Citrus Showcase Had Strong Showing

Citrus Showcase Had Strong Showing

March 7, 2014

Citrus Showcase News

Area-Wide ACP Spraying To Start Soon

By Patrick Cavanaugh, Editor

The 2014 California Citrus Showcase in Visalia, hosted by the Exeter based California Citrus Mutual, brought a record crowd.

“It was the largest event we have had in our 15 years,” said Joel Nelson, President of the California Citrus Mutual, the organization that hosts the annual event. “We had about 100 exhibitors and about 650 people for lunch, and roughly 1,000 growers who meandered though the entire show throughout the course of the day,”  Nelson said.

There were also six workshops that focused on the Asian Citrus Psyllid, the vector of the fatal HLB disease, water quality and even GMO research to help find HLB resistant citrus stock.

“What we wanted to do  was  give our growers a bit of optimism,” said Nelson. “Our citrus industry has been hit with so many challenges, not withstanding the ACP/HLB issue, the  disease that is ravaging Florida; the freeze in December and now the drought conditions.”

“We wanted the industry to be aware that there are opportunities to fix these problems that are facing our industry, and I think that the growers left here much more positive than when they came in,” said Nelson.

Joel Nelson and Felicia Marcus
Joel Nelson, President of California Citrus Mutual, with Felicia Marcus, Chair of the State Water Resources Control Board

Some of the highlights of the half-day event included:

The keynote speaker for the inaugural Citrus Showcase Breakfast was Felicia Marcus, Chair of the State Water Resources Control Board. “This is a scary and uncertain drought, and it is going to be painful,” Marcus said.

“There is no question that we would not be where we are today if we had more storage,” Marcus said. “We are concerned with climate change when we could be facing the regular loss of half of our storage…snow in the mountains.”

She also said that nitrates in the ground water are a legacy issue.

Another big topic centered on what can be done to suppress the ACP, which will help prevent HLB infected trees.

The San Joaquin Valley Citrus Industry has been discussing area-wide treatment of orchards, on top of the mandated treatments when a psyllid is found.

Kevin Severens
Kevin Severns

“As it stands right now, there would be logical areas where geographically it would make sense to have that as a treatment zone,” said Kevin Severns, a grower and  the new Chairman of California Citrus Mutual.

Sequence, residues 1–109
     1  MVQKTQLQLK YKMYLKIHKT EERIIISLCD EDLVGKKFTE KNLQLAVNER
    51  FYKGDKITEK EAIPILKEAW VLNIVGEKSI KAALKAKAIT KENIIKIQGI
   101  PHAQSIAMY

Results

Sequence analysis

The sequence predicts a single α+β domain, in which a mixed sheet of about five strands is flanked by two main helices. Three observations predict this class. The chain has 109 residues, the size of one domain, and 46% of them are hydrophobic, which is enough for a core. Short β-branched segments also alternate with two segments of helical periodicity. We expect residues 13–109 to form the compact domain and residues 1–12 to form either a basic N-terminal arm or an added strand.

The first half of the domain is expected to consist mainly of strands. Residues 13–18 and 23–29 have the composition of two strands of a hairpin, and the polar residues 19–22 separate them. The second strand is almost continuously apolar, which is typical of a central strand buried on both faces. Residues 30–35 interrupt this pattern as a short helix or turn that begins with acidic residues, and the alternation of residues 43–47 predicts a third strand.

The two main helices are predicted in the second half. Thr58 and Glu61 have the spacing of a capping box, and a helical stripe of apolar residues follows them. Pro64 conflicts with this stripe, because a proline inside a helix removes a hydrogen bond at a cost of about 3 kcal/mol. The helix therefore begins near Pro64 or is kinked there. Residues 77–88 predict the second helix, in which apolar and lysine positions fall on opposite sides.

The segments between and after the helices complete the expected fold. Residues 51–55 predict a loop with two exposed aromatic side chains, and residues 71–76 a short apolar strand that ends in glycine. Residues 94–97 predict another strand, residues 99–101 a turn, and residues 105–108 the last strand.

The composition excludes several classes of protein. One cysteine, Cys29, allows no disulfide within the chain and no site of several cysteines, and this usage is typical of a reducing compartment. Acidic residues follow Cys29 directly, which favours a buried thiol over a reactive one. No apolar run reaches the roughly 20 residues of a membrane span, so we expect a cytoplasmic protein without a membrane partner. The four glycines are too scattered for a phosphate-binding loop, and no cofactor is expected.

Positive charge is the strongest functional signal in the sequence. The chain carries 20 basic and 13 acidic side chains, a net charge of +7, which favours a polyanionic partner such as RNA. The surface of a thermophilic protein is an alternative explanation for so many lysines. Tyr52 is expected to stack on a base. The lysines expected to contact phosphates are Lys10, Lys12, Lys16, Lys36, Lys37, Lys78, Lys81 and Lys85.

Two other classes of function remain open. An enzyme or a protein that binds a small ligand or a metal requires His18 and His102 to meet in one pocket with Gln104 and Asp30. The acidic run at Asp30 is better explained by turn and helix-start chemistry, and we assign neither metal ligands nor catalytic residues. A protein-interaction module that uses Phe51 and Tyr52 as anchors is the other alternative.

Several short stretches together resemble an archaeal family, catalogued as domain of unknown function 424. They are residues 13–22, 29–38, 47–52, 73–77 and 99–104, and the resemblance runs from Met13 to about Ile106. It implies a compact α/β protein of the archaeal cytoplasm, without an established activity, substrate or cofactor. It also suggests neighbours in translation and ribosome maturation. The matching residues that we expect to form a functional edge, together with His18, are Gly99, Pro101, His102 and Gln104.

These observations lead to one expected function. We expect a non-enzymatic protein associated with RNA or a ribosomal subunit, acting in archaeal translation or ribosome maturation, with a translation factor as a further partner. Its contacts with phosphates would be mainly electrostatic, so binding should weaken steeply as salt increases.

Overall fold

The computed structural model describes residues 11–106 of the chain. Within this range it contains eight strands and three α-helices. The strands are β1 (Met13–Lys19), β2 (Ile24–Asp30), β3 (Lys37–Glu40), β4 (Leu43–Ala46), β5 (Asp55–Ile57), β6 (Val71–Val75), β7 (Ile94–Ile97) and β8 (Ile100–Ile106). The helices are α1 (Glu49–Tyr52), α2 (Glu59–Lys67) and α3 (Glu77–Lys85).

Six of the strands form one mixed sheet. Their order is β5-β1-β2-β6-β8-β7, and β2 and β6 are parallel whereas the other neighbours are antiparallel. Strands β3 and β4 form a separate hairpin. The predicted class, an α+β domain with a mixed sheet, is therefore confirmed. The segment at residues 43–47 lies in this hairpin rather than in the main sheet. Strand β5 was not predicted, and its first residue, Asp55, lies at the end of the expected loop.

“There will be area captains in each of the zones, such as a grower or other person well-known in the area. They would work with an area-wide coordinator, and the state-wide coordinator will be responsible for coordinating treatment,” Severns said.

The spray timing would be when new growth flushes occur on citrus trees, a time when the ACP is attracted too.

Attendees also heard from Mike Sparks, President of the Florida Citrus Mutual, who painted a grim picture of what has happened to the Florida citrus industry and described its uncertain future.

“The losses due to HLB over the last seven years have been more than $70 million, said Sparks. “Before HLB disease hit us, the Florida Citrus industry was at 815,000 acres. Today the acreage is at 525,000.  And we are losing orange juice processing plant infrastructure due to the low volume, pegged at only  115 million boxes, down from 133 million boxes last season.”

“Every orchard in the state is infected and growers are doing every thing they can to reduce ACP numbers and remove HLB-infected trees,” said Sparks.

Mike Sparks President Florida Citrus Mutual
Mike Sparks

There is particular concern for orchards that have been abandoned.

“The cost of production in order to fight ACP with sprays continues to go up, while production goes down. We know this is not sustainable,” said Sparks.

“Over the years, Florida citrus growers have had to deal with freezes, citrus canker, and even powerful hurricanes that have wiped out orchards. At least those orchards could be replanted and production would resume. HLB, is a far different threat. It has put growers to their knees,” Sparks said.

 

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